The parish was a centre of Quaker worship from 1662, and there was a licensed meeting-house by 1669. The present Quaker Meeting House was built in Queen Anne style and finished in 1717. It is still used for worship by the Quakers. It was closed briefly in 1793 and 1798, but prospered after the closure of the Somerton meeting house in 1828. [cite web | title=The Friend's Meeting House | work=Images of England | url=http://www.imagesofengland.org.uk/search/details.aspx?id=263241 | accessdate=2007-09-22] There is a mounting block outside the building, which worshippers used to mount and dismount their horses. Worshippers came from as far away as Street, nearly seven miles away.

Other buildings

Opposite the Quaker Meeting House, known as Quakers' Corner, are two cottages, once thatched. In one of these cottages it is said that Mrs Palmer of Huntley & Palmers fame made her first biscuits and cakes to help provide for her family. Some of the grave stones mark the resting place of the Palmer family in the grounds of the Friends' Meeting House.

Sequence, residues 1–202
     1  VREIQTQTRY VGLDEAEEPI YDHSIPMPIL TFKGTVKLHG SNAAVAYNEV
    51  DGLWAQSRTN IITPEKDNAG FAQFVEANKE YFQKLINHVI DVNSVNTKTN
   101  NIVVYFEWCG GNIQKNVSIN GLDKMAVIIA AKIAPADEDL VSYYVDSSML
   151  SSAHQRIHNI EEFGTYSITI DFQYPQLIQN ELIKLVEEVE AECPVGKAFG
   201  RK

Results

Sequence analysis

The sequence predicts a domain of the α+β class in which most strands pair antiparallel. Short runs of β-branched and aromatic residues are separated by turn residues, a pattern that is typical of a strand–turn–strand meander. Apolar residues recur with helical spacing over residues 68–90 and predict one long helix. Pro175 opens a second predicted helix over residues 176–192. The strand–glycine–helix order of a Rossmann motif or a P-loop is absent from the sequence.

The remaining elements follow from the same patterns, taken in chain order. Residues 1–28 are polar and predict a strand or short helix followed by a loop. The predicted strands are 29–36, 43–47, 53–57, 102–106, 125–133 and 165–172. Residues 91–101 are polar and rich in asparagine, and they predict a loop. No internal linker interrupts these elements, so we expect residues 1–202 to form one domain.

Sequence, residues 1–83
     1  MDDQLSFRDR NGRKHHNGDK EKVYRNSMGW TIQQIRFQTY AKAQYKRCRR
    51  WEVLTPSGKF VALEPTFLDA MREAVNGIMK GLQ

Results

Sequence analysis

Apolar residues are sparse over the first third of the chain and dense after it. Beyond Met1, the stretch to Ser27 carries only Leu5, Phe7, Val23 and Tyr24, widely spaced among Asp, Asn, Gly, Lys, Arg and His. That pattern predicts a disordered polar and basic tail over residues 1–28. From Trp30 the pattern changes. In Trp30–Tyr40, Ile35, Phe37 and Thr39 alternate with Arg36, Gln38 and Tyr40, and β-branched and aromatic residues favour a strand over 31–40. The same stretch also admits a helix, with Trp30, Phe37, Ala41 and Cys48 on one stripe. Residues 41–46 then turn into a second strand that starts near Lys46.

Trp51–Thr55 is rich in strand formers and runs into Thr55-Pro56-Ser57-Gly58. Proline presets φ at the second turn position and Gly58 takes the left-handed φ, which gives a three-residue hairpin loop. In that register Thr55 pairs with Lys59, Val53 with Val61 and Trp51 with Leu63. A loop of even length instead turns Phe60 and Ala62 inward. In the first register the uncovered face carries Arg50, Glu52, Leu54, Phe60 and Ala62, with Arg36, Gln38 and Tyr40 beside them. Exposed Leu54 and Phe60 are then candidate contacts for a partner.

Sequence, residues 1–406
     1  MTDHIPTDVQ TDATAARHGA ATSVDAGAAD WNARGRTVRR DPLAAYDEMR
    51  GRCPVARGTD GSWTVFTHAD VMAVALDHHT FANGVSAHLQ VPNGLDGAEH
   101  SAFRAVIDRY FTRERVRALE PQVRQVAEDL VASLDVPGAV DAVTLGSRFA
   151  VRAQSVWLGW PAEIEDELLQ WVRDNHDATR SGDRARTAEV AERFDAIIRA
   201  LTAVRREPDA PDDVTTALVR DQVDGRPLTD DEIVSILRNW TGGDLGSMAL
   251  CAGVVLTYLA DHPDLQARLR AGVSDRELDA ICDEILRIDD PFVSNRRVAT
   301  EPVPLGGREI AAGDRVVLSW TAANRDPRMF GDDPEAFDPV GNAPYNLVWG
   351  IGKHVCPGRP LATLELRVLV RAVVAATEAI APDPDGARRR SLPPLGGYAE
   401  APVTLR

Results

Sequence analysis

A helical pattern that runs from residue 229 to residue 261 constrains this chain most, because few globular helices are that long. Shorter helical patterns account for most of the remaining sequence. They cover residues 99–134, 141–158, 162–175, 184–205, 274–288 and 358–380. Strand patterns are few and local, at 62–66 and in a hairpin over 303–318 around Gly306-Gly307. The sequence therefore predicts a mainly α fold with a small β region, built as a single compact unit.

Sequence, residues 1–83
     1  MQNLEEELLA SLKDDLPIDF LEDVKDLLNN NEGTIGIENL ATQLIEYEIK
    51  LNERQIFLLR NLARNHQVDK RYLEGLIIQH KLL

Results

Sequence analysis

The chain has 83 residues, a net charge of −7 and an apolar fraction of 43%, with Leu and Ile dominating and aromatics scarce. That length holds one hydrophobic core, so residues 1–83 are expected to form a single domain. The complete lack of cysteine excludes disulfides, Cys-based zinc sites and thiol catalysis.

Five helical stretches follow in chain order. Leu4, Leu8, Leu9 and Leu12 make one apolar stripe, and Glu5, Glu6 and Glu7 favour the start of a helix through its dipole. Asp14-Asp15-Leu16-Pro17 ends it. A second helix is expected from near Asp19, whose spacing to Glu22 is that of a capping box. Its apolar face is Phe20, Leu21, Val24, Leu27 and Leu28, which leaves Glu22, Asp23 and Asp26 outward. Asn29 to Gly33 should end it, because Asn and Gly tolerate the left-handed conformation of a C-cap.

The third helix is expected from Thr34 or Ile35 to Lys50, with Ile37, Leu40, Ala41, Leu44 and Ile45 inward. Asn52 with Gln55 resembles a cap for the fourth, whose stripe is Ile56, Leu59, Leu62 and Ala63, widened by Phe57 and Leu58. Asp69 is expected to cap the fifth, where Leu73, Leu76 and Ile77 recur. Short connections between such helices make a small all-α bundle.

The Manor House, of the green probably dates from the late 15th century. [cite web | title=The Manor House | work=Images of England | url=http://www.imagesofengland.org.uk/search/details.aspx?id=263220 | accessdate=2007-09-22] Court House on Langport road is from a similar period. [cite web | title=Court House | work=Images of England | url=http://www.imagesofengland.org.uk/search/details.aspx?id=263243 | accessdate=2007-09-22] Knole contains a waterwheel, dating from 1879 having been moved from a site higher upstream where it was first recorded in 1479-80. [cite web | title=The Old Mill, waterwheel and aqueduct | work=Images of England | url=http://www.imagesofengland.org.uk/search/details.aspx?id=263231 | accessdate=2007-09-22] The wheel is convert|15|ft|m|1 in diameter and convert|5|ft|m|0 in width and was cast by ‘The Somerset Wheel & Wagon Co, Engineers & Millwrights, Martock’. [cite web | title=Long Sutton: Knole Mill | work=Geograph | url=http://www.geograph.org.uk/photo/91331 | accessdate=2007-09-22]

Famous residents

* George Palmer, founder of Huntley and Palmers biscuits was born in the village.


External links

* [http://www.longsutton.org.uk/ Long Sutton Parish Web Site]
* [http://www.somerset3d.co.uk/gallery.htm#l Photos of Long Sutton in 3d (Anaglyphs)]